Serendip is an independent site partnering with faculty at multiple colleges and universities around the world. Happy exploring!

Does Eva have a mode of address?

Sharaai's picture

Mode of address is a concept based out of film and media studies, it is a way for filmmakers to think about who their audience is going to be, a form of analysis on the power relations between the audience and the subject of the film (Ellsworth, 1997, p. 1). It allows for the filmmaker to think about ideas of class, gender sexuality, race and much more while working on their product. This process allows for them to frame their stories so that the viewer can relate or interpret it in a way that plays off of the filmmaker’s assumptions. As analytical readers, we contemplate what the author is trying to tell us and what they want us to take out of their stories. As readers, we can take this concept of mode of address and analyze why we think characters make their decisions and what the author would like us to take out of it. We can interpret their choices, the relationships they are part of or the neighborhood they live in to figure them out. Through this process we, as readers, would be exploring Gayle Jones’ mode of address in context to Eva. We would be thinking about Eva’s choices, what they mean to her and what Jones could also mean by them.

Taking this idea of mode of address and that fact that the filmmaker or storyteller can make a conscious decision about what they would like a story to mean to their audience, Eva’s silence through her life can be interpreted as a conscious decision. By looking at Eva’s possible mode of address, one can begin to attempt to figure out what her silence meant for her and for those who were part of her story. She chose to be silent about many of her life stories because she knew that those listening would simply take her story and make her into what they already thought she was. Throughout her life, Eva has dealt with inappropriate relationships with men, she has witnessed unhealthy relationships and been in them herself. But through all of these endeavors, it seems are though she finds a way to be silent about her life troubles.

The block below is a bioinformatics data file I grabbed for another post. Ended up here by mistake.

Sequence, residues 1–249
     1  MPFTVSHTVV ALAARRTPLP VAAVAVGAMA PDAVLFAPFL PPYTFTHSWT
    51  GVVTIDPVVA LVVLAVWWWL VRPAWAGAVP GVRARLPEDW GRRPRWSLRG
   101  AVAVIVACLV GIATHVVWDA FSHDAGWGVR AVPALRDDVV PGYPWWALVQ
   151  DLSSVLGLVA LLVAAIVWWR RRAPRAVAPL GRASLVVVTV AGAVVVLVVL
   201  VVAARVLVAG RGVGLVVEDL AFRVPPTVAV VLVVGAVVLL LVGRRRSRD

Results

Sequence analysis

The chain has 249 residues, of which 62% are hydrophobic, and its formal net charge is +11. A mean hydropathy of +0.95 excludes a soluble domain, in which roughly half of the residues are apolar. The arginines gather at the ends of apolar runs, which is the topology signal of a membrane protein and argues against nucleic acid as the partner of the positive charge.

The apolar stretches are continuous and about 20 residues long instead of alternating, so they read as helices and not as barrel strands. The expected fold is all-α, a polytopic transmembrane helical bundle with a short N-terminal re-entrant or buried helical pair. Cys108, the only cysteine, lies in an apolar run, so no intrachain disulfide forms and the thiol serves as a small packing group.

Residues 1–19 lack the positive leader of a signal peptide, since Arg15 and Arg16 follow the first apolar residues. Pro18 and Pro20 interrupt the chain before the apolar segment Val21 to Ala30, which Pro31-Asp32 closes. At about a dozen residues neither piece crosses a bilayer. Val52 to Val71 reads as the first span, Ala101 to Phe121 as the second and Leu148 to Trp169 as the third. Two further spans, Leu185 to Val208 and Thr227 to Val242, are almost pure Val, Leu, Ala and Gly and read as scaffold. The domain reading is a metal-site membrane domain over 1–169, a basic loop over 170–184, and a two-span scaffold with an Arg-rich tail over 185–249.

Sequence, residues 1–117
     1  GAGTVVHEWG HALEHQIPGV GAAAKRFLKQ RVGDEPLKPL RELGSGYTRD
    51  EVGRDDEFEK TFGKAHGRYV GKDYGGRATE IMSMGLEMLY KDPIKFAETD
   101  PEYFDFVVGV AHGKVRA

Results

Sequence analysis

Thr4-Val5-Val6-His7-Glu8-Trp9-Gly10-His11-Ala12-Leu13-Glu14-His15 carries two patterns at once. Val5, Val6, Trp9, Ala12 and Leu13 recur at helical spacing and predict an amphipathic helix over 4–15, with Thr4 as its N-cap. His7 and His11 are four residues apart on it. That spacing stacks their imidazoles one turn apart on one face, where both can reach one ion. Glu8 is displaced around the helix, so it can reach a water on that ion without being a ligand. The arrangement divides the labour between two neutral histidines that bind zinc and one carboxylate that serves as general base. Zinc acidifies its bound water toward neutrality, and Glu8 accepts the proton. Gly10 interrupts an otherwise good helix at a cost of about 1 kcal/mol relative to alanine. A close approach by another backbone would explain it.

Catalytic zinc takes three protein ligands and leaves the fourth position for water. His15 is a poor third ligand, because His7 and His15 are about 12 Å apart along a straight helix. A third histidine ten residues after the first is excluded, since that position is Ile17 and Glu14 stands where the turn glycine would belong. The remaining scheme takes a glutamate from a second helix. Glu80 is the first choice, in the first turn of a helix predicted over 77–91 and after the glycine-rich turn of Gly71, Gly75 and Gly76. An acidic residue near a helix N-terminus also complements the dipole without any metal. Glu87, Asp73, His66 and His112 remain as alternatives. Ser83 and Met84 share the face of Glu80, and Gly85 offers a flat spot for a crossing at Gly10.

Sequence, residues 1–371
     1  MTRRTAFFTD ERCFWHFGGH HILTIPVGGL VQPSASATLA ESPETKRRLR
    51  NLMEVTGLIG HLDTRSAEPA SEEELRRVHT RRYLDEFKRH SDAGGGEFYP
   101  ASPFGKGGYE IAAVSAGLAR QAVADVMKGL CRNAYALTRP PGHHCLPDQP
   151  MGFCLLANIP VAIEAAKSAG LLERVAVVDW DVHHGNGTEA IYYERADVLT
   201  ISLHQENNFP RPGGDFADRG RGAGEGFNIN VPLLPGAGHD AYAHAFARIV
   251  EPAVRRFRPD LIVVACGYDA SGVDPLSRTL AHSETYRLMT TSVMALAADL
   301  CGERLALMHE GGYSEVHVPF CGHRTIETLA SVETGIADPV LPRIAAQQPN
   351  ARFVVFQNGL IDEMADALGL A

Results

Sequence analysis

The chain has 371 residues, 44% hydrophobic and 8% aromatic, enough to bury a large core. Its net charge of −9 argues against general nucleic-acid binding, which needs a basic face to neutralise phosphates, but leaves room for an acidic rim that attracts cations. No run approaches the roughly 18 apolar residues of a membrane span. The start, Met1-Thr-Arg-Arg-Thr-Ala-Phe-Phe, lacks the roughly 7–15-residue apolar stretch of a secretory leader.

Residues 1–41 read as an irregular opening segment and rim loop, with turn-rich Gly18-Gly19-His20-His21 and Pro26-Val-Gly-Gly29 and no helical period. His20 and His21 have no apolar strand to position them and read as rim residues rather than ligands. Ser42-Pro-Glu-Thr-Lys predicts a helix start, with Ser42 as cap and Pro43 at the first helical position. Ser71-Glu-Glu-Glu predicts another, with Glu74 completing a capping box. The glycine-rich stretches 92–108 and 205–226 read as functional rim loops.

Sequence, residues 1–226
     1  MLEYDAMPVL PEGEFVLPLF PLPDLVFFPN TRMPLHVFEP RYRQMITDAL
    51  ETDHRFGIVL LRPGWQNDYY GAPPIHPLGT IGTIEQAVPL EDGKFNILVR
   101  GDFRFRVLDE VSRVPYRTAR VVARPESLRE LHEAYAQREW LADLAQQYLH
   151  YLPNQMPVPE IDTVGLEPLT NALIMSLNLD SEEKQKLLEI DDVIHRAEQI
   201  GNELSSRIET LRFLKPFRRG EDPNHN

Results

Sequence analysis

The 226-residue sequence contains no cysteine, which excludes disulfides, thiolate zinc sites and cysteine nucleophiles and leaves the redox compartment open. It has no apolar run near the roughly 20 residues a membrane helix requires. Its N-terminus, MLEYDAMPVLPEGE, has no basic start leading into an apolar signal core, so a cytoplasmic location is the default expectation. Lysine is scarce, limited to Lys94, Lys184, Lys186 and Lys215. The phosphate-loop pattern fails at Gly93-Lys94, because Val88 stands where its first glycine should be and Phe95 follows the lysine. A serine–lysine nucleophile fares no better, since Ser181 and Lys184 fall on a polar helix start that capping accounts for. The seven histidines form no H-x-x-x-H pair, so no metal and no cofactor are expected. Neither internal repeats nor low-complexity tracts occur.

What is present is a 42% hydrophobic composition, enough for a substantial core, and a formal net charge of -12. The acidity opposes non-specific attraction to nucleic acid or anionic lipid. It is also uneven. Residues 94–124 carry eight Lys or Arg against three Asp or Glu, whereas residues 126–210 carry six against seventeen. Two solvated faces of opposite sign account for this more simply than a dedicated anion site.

As Eva’s stream of consciousness progresses, the reader gets small snippets into the story of the Queen Bee. The Queen Bee’s story is one that the members of the community took into their own hands to tell, such as Eva’s mother and her friend Miss Billie. Eva heard about the Queen Bee from her mother and Miss Billie and the first thing they said is that they call her that because “every man she had end up dying.” (Jones, 1976, p. 17) This is to say that Queen Bee has a power over the men that fall in love with her. From this initial introduction to the character, the reader can begin to make assumptions about her. But the idea behind the Queen Bee can vary depending on who is reading Eva’s Man. From an academic lens, one can look at the Queen Bee as a symbol for a powerful woman who takes control of her own sexual desires. A figure where Eva could have pulled her intentions from for her murder of Davis. Since the men associated with the Queen Bee all seemed to pass away after falling for her, could Eva have felt like she was embodying the Queen Be? That her sense of a mutual relationship with Davis should lead to his death like the men who loved the Queen Bee?

With the Queen Bee story being one that Eva remembers and goes back to throughout the novel, her own silence is symbolic in similar ways. One of her most prominent acts of silence is her refusal to speak to any authority after she murders Davis. Eva doesn’t speak to the officers who have arrested her or the psychiatrist she sees multiple times while incarcerated. Looking for reason in her actions, I feel that Eva is refusing to speak because her audience will not perceive her story how she wants them to. She does not tell anyone, including her cell mate, why she chose to kill Davis. Eva may have proceeded with the murder because she felt like she was taking control of her sexual desires and giving herself agency in the relationship. While she engaged with Davis for several days and there seemed to be some sort of mutuality in their relationship, it seemed that there was something Eva didn’t like in it.